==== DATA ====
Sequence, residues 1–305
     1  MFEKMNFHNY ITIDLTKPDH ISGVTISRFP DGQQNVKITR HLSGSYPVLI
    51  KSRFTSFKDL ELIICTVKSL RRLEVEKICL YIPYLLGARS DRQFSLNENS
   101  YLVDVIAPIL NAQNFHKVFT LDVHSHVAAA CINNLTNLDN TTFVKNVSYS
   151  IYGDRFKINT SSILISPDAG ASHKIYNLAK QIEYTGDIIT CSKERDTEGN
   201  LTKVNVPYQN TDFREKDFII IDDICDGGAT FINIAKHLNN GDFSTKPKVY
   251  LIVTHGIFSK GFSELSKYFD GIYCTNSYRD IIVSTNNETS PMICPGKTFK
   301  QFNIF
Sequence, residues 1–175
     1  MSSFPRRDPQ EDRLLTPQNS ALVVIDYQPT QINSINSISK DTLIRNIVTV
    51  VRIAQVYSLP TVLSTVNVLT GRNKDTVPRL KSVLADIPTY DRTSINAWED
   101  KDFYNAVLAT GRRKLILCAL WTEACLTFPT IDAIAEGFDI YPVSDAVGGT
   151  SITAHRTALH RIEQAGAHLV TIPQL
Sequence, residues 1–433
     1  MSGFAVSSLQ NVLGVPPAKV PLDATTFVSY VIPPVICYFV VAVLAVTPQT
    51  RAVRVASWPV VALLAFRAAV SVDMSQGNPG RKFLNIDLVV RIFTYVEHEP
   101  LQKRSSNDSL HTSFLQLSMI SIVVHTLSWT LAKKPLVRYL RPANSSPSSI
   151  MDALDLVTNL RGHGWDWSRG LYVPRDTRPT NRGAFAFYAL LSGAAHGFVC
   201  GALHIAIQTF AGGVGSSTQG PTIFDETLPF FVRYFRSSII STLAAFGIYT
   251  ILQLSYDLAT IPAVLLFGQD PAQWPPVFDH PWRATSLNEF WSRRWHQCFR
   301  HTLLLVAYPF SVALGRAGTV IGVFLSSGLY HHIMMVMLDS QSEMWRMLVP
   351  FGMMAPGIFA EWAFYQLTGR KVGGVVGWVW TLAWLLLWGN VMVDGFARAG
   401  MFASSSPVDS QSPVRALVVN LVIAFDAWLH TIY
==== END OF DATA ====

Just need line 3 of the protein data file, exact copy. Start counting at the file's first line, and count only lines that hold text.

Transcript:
    51  KSRFTSFKDL ELIICTVKSL RRLEVEKICL YIPYLLGARS DRQFSLNENS